The big downside of free weights is that the lighter weights have really small plates. Whereas a 45-pound plate is roughly the size of a manhole cover, a 5- or 10-pound plate is roughly the size of a drink coaster. Because an empty barbell already weighs 45 pounds, it doesn’t take much weight before it becomes unliftable. For me, I figured I could safely benchpress around 85 pounds at that time, which meant I’d only have two coaster-sized plates on each side of the barbell.
I couldn’t let this happen. My ego wouldn’t let this happen.
So, while my friends were grunting away and inflating their muscles with countless reps, I was busy weighing the pros and cons of blowing out my ligaments. The way I saw it, I had two choices. I could do the sensible thing and lift only what I was capable of. Or, I could do the reckless thing and lift far more than I should just so I didn’t look like a big wimp.
I chose the latter. I needed to become a muscle dude. And to do that, I knew I needed to emulate those who had perfected it.
The first thing I did was ditch my newbish clipboard. I noticed that none of the gym rats had clipboards. They didn’t need them. They knew that once they had lifted the equivalent of six Volkswagons, it was time to rise, admire themselves in the mirror, and slowly walk around in circles without moving their arms before the next rep.
The second thing I did was pound away at the weights like a seasoned veteran. I did sets upon sets of bench press exercises, curls, shoulder pulls, squats, whatever. By the time I was done an hour later, my muscles were huge and puffy. I looked a lot like the Michelin man only I was less tan. My friends explained that my muscles were engorged with blood from all the lifting, but based on how I felt, I think they had simply exploded.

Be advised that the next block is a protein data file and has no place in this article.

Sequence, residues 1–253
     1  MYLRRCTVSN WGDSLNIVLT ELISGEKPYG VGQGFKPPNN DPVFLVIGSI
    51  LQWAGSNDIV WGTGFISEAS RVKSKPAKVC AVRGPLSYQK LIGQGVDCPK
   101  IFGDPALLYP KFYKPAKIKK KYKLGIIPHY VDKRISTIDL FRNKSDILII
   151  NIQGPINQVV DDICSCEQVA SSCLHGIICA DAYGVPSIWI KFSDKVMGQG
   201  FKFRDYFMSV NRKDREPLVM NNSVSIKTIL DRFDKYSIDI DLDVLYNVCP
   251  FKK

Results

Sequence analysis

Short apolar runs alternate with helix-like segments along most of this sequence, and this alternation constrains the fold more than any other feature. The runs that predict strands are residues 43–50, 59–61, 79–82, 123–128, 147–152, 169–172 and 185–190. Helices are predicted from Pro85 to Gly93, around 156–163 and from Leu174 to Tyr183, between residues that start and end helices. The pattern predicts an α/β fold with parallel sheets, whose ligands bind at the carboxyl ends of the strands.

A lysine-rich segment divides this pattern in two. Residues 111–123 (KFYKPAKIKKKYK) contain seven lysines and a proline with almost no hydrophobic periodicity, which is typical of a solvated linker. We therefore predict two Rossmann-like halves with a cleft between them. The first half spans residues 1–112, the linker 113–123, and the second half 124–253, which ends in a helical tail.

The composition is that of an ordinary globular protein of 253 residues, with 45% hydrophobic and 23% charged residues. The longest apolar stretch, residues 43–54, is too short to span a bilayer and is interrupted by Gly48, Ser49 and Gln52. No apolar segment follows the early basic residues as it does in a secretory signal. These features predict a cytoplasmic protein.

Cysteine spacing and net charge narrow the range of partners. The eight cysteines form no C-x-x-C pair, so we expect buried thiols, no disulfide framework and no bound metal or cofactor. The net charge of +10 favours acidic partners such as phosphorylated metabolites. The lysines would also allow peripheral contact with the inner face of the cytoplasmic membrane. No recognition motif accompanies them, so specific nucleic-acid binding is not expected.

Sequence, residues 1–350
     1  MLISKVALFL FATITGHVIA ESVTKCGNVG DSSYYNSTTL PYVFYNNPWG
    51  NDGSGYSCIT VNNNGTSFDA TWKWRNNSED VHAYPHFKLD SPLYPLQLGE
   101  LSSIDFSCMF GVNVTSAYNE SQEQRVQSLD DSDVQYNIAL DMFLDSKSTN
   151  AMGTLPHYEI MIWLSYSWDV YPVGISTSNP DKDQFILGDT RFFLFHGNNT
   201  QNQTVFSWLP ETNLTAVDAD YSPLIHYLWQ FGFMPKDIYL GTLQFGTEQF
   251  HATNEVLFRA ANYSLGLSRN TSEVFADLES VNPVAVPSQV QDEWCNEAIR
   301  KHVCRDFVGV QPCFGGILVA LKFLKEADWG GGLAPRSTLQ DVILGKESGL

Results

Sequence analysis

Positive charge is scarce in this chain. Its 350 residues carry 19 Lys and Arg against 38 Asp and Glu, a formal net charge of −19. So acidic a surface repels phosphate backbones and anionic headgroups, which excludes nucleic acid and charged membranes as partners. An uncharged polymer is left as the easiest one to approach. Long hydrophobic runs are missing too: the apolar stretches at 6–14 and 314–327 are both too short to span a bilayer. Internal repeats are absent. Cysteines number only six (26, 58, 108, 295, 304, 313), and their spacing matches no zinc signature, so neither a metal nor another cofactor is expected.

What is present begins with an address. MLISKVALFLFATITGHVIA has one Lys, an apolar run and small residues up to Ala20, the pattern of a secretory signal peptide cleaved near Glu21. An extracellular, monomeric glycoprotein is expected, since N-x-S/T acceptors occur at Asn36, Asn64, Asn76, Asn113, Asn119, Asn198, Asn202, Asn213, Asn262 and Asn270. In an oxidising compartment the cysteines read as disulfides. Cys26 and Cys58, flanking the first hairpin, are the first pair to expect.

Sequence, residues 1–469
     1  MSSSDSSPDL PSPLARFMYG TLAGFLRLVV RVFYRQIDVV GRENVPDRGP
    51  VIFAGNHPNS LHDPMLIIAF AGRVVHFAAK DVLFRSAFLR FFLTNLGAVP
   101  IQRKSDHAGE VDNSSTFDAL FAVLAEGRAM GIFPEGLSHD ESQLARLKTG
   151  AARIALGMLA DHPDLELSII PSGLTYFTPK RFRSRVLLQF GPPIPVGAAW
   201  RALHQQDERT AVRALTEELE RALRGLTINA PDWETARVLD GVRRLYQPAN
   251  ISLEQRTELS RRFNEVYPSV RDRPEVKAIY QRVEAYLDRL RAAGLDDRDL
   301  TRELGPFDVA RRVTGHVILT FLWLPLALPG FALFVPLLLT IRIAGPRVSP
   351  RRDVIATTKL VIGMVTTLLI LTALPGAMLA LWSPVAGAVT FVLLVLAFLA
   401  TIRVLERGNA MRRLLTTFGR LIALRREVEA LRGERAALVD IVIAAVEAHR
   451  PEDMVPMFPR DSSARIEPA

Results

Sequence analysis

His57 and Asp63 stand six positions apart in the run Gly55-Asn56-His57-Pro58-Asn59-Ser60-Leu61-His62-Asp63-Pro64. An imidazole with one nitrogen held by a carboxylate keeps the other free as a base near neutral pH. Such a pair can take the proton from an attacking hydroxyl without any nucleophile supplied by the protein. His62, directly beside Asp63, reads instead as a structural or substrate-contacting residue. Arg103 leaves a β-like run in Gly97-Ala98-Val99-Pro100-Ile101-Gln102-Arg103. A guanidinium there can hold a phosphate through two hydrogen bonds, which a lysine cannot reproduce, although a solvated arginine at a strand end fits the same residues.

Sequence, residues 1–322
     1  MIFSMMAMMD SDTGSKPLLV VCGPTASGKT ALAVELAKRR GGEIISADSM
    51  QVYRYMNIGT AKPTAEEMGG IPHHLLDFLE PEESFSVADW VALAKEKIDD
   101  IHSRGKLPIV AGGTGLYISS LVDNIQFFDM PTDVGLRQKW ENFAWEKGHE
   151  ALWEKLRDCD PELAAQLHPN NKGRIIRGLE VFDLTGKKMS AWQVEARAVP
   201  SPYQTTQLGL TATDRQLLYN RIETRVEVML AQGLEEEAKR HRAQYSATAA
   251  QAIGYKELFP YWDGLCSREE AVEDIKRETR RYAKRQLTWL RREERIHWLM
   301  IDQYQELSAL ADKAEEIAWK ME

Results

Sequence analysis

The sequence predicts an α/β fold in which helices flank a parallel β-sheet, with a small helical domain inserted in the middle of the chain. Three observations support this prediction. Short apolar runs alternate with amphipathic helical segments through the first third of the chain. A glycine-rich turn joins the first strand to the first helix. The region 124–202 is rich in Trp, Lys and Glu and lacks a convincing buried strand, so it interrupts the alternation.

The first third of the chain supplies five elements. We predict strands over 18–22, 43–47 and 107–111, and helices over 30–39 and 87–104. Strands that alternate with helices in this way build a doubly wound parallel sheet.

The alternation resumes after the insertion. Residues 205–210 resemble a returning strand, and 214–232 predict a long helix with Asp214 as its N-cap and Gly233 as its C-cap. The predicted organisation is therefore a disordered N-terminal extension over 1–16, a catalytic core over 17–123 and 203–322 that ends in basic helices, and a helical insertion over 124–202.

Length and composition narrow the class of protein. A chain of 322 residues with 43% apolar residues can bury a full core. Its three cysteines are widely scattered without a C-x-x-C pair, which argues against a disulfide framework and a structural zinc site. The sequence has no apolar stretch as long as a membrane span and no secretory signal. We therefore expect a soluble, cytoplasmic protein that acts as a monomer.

The next morning I realized that I had suffered a fate far worse than muscle explosion. I was experiencing the aftermath of Gym Egotitis. Only afflicting men, Gym Egotitis is a condition whereby a man’s ego causes him to lift three times the recommended weight twice as often as he should. Morning-after symptoms include the inability to raise one’s arms above the shoulders, the inability to lift so much as a spoon to one’s mouth, and the inability to flex one’s arm at the elbow. For five days.
It was brutal. I ended up with visible tears on my shoulders, bruising, and pain in my triceps that lasted several weeks. When I finally walked through the gym doors again, my pride was damaged but my spirit unbroken. I vowed to become one with the muscle dudes, only quite a bit slower than originally attempted.